This app can boost your vocabulary in just a few seconds
Think you don’t have time to learn a new language? Before you answer, think about all those precious seconds you spend every day just waiting for things: for emails to send, smartphone signals to connect, friends to reply to messages, or even elevators to arrive.
MIT computer scientists say these moments are perfect for “micro-learning,” or learning in tiny chunks spaced out throughout the day. So they’ve created a new set of apps to make it easier.
The apps, collectively called WaitSuite, deliver pop-up prompts to smartphones and computers when they detect these types of idle moments. One app activates when it senses a device is trying to connect to Wi-Fi, for example, while another activates when it senses Bluetooth signals from elevators nearby.
In these scenarios, the apps generate quick, flashcard-like exercises, like asking you to translate words into another language. And unlike other self-help apps or boredom-busting games on your phone or desktop, these prompts happen automatically; you don’t have to switch apps or close out of whatever program you’re already using.
“WaitSuite is embedded directly into your existing tasks, so that you can easily learn without leaving what you were already doing,” says PhD student Carrie Cai, who leads the project.
So far, the only program available to the public is WaitChatter—a desktop Chrome extension that works with Google Talk (also known as GChat), quizzing users on French and Spanish vocabulary while they wait for responses from friends. In another cool twist, the program chooses words from users’ recent chat history; if they’re chatting with a friend about getting coffee, they may be prompted to learn “coffee” in another language.
In research presented at a 2015 Association for Computing Machinery meeting, Cai and her colleagues found that people who used WaitChatter learned about four new words per day, or 57 words over two weeks. Next month at the same annual conference, the team will present new research on the other WaitSuite apps it has developed.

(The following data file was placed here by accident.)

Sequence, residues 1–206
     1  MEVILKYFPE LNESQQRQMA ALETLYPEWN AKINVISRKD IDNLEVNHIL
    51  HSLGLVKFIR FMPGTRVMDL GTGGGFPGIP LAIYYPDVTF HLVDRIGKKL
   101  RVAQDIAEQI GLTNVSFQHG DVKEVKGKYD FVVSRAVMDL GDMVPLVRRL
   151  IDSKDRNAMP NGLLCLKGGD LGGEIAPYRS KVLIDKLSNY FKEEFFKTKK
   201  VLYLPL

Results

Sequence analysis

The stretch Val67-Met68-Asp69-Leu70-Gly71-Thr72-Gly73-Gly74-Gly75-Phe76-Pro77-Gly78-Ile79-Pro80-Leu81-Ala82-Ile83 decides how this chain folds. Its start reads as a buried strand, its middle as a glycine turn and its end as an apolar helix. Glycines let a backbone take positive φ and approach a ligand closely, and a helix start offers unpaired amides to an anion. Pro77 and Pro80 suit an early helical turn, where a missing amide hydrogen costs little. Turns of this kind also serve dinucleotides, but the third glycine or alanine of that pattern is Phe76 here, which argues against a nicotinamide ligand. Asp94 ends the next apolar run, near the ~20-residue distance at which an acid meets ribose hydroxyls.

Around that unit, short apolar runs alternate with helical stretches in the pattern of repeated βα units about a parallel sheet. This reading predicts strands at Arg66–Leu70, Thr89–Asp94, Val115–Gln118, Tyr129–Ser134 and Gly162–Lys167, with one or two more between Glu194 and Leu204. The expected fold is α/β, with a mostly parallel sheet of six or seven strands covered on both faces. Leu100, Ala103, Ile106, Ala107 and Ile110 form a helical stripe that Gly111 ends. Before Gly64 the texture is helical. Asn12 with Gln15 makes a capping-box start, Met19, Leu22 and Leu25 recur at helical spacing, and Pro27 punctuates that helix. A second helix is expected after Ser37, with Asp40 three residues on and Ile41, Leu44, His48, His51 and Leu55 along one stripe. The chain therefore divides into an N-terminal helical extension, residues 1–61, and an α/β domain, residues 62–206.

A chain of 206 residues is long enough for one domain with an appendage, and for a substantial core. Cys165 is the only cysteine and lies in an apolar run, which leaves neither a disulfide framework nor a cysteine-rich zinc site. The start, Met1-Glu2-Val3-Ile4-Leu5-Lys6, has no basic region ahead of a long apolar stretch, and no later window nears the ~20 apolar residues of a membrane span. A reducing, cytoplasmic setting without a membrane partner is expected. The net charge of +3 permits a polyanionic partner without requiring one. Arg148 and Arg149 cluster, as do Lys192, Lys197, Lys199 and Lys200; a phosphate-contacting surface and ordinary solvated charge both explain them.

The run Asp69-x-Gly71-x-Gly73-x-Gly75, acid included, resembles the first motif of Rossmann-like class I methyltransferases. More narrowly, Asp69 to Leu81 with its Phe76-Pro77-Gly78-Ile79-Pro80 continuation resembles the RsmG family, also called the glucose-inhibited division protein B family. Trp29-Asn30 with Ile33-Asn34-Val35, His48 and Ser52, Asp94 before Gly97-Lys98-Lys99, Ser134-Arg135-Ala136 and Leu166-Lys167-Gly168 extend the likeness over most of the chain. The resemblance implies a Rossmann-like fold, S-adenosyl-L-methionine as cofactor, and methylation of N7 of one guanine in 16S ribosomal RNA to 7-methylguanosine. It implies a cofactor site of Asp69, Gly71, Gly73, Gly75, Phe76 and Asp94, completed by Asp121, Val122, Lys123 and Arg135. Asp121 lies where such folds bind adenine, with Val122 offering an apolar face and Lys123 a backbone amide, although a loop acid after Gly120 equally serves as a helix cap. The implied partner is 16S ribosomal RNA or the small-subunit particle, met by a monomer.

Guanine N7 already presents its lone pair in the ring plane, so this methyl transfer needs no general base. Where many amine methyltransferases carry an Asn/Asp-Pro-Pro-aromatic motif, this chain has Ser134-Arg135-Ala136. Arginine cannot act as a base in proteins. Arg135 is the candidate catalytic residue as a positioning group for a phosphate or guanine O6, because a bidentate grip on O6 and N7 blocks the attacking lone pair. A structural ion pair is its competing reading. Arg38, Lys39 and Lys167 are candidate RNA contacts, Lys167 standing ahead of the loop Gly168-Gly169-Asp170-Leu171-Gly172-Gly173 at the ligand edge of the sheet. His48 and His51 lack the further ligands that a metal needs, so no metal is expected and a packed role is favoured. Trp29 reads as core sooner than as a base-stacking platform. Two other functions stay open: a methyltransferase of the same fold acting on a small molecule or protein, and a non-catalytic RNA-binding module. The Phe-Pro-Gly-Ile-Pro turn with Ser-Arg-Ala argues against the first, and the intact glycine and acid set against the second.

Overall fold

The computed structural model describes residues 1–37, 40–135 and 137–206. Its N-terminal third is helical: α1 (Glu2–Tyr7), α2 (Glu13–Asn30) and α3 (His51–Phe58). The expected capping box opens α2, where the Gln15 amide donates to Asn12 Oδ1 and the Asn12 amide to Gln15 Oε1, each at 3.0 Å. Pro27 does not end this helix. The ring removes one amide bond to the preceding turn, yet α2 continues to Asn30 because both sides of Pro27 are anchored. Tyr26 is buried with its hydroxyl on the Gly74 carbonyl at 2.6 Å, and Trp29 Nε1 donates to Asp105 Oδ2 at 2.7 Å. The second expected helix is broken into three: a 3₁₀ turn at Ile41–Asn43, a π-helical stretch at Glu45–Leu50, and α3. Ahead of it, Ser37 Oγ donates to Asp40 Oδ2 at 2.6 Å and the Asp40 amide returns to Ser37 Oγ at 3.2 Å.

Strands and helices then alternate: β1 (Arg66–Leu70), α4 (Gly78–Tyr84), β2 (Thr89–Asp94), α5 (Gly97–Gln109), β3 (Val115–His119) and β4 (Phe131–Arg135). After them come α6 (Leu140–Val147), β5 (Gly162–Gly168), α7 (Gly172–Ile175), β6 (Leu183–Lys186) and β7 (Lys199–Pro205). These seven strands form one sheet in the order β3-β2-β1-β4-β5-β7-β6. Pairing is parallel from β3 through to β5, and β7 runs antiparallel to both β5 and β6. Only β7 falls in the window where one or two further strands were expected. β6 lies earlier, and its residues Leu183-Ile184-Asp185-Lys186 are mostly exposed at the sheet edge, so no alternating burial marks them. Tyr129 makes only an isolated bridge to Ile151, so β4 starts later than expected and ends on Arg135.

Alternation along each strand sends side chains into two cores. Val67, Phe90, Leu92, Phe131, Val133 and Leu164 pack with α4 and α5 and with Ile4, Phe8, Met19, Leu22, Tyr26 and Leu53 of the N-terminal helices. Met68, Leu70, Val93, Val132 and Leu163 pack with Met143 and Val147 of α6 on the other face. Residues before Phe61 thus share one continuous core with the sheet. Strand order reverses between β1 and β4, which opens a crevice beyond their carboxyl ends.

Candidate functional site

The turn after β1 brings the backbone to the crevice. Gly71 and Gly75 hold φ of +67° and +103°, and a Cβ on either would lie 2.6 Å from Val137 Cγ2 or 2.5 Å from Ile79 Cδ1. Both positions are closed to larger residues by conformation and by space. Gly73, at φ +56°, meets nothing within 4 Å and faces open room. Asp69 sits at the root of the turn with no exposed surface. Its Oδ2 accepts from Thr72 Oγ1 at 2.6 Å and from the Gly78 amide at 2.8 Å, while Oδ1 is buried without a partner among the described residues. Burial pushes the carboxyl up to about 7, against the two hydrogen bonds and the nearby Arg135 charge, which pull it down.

These apps may have an added bonus, as well: The researchers found that WaitSuite actually enabled users to better focus on their primary tasks, since they were less likely to check social media or otherwise leave the app or program they were using. (Built-in learning and improved productivity? Sign us up!)
As mobile platforms become more open, Cai and her team hope to release more WaitSuite apps to the public, and expand WaitChatter to mobile texting. They’re also considering expanding it to other desktop programs, such as Facebook Chat and Slack.
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The apps are currently being used to teach foreign-language vocabulary, but Cai says they could also be used for topics like math, medical terms, or legal jargon. The team also hopes to test other formats for on-the-go learning—like audio prompts for when people can’t look at their screens—and to study how micro-learning might benefit people with cognitive disabilities like dyslexia or ADHD.
They even say that WaitSuite could be used to encourage mindfulness and stress-reduction exercises during idle moments. “Rather than checking social media, someone waiting at an elevator might instead be reminded to stretch, take a few deep breaths, or reflect on their day,” Cai says.
Besides the social benefits, research suggests that learning a second language can create new pathways in the brain that might protect against age-related cognitive decline. To be fair, there’s no proof that learning a few new words here and there would have similar benefits.But Cai says that the apps were partly inspired by existing research that’s demonstrated how micro-learning leads to greater memory retention, compared to longer sessions of studying.
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“In our studies, we observed that many people already spend their idle time engaging in compulsive digital activities—e.g. checking social media, or playing Candy Crush,” Cai said. “Wait-learning aims to encourage more meaningful use of this time.”
Even without a good scientific reason, a tool like WaitSuite might still be worth a try. After all, you’ve got nothing to lose, and valuable time to gain.
This article originally appeared in Real Simple.